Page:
Tapping reserves is often the easiest and least painful move. However, COVID-19-related budget shortfalls may exceed the size of many states’ rainy day funds. Research also indicates that there is less room for spending reductions in 2020 than there was in the previous recession.

Both factors make tax increases all but guaranteed, which is why tax leaders should keep the following in mind:

  • Public health, economic stabilization and stimulus, and unemployment-related costs will need to be covered. The $2 trillion economic stabilization package the federal government approved this spring includes $150 billion to cover state and local COVID-19-related expenses. States are currently clamoring for more aid to cover unemployment insurance and other costs. In a letter to Congress, the president of the National Association of State Budget Officers asserts that “states are currently facing revenue impacts that could dwarf what was observed in the last recession.” According to this official, state revenue declined by 11.6 percent during the 2007-2009 recession. Currently, the association is forecasting a decrease of up to 20 percent, primarily because of massive drops in sales and income taxes stemming from the current crisis.6

  • There were questions about state finances before the pandemic. Although state reserve funds reached all-time highs just before the onset of the pandemic, closer scrutiny of states’ financial health revealed several risks. Despite those robust rainy day funds, “states may not be as prepared for the next recession as they think,” an October 2019 Pew Charitable Trusts research report concludes. The research points to states’ high fixed costs (for example, Medicaid spending, which tends to increase in economic downturns), low spending levels because of cuts made in response to the 2008 financial crisis (that have largely sustained) and recent revenue volatility.7 Separate Pew research indicates that strains from the 2007-2009 economic downturn remain in many states: States missed out on more than $280 billion of tax revenues in the five years following the 2008 global financial crisis. Although total state tax revenue eventually recovered, the Pew data show that many states in 2019 were “still dealing with fallout from the tough choices they had to make to fill budget holes during the recession.”8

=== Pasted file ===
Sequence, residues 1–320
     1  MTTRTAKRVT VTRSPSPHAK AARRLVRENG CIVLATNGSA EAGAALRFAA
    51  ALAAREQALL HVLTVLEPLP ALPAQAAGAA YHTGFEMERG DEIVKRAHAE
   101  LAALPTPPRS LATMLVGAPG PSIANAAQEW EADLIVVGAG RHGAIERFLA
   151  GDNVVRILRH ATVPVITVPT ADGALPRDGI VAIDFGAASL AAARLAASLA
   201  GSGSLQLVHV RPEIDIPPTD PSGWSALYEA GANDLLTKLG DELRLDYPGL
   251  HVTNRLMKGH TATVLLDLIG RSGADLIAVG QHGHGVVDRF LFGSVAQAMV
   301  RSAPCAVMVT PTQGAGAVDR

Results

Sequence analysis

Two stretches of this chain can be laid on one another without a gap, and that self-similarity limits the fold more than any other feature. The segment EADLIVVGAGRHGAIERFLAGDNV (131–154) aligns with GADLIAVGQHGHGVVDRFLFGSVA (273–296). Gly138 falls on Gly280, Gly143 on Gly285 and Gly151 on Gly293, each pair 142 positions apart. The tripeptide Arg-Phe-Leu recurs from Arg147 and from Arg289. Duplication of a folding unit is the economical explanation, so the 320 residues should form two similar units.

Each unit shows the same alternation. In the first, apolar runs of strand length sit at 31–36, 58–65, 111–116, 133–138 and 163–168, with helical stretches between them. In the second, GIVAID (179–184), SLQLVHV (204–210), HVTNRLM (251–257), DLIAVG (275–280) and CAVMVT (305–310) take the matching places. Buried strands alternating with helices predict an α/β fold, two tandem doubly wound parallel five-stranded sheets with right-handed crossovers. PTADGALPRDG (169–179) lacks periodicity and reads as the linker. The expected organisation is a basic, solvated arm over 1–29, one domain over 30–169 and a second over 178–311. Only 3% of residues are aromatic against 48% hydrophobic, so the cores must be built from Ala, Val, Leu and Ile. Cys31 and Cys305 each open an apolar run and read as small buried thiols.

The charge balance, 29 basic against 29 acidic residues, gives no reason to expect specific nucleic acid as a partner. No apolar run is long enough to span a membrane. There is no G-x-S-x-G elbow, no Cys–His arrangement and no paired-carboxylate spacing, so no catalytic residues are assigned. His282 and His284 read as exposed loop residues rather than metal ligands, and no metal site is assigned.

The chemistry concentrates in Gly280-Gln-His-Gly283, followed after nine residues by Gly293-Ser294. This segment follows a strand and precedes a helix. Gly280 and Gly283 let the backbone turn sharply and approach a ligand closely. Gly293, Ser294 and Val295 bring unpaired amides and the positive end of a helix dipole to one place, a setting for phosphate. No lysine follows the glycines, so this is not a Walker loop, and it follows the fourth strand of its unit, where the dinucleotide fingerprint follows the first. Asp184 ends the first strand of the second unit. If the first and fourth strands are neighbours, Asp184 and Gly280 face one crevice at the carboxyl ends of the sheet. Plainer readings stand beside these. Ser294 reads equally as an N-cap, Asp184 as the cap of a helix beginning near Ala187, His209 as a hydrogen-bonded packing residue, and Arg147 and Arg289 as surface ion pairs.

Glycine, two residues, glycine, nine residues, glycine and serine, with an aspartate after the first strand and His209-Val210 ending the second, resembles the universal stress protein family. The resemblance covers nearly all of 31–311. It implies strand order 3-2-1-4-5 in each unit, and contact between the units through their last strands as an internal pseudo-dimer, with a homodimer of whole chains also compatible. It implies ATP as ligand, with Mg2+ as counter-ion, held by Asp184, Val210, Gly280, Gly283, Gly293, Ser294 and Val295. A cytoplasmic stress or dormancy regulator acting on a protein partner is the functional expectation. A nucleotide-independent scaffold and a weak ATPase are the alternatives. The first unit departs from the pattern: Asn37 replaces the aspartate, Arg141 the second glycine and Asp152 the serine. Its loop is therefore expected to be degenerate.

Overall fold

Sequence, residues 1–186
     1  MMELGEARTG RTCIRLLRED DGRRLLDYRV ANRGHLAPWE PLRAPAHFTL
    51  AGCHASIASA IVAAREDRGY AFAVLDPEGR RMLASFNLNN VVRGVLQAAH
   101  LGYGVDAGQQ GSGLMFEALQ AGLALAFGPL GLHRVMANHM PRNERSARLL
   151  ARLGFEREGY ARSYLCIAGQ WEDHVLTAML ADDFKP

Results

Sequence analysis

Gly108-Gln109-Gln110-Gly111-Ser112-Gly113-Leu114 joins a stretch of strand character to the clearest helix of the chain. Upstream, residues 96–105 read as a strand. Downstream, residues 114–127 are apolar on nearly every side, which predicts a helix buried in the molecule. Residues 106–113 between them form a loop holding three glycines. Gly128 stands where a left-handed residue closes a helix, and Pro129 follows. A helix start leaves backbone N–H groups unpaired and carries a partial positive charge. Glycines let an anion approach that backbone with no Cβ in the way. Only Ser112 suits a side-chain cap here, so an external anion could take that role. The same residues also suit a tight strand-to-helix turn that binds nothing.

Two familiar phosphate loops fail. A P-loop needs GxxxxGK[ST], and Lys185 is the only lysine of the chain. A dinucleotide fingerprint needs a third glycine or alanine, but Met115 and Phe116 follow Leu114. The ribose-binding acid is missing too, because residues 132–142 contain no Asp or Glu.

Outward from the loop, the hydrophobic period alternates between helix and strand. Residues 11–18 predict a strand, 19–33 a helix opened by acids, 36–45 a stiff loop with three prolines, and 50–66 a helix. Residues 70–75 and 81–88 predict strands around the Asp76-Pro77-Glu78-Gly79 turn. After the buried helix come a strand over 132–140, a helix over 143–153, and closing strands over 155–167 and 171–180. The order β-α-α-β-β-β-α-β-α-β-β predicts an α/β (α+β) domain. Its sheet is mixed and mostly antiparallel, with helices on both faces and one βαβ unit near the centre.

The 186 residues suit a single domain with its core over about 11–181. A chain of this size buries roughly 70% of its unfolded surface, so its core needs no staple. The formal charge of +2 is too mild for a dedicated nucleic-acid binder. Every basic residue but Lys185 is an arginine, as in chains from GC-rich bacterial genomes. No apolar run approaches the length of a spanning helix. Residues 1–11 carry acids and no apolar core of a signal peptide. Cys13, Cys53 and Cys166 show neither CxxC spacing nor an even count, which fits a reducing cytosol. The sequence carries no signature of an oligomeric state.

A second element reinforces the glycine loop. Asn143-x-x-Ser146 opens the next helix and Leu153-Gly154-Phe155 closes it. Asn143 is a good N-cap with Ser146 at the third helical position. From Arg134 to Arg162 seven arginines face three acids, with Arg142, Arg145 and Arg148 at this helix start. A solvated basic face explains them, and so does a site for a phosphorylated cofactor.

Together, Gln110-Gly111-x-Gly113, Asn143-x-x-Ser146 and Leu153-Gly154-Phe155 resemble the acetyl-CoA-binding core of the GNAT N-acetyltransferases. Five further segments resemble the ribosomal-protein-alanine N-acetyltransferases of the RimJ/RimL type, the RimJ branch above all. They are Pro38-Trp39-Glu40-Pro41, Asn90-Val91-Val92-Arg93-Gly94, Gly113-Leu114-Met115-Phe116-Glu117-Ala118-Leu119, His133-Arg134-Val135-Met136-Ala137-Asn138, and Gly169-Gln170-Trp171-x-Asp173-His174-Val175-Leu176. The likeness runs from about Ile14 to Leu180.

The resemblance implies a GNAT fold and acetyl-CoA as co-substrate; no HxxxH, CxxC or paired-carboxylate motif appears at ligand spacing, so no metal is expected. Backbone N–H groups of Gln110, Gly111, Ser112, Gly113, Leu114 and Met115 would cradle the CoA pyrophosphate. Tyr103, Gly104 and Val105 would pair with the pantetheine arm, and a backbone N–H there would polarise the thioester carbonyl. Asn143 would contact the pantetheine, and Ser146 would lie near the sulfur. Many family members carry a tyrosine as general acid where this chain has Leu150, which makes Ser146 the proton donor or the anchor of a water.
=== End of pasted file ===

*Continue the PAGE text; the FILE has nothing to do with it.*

• Tax policy changes will vary by state: As state legislators and departments of revenue consider how to increase revenue, they will target tax types and categories that provide the greatest returns at the lowest political cost. States will attempt to revitalize the industries that are important to their individual economies and have been disproportionally affected. Preserving each state’s competitive economic base will be as vital as sustaining and boosting the tax base, as one is dependent upon the other. For example, Hawaii would likely prefer to avoid hindering tourism-related businesses, while Texas, North Dakota, and New Mexico would want to avoid any change that would harm revenue from oil taxes and state leases.

  • States are not alone. At last count, at least 2,100 cities were projecting budget shortfalls, according to the National League of Cities and the U.S. Conference of Mayors. Los Angeles forecasts a $231 million revenue decline this year — along with a $600 million drop in in 2021 revenue.9 These budget shortfalls will spur some city councils to consider their own tax increases and adjustments.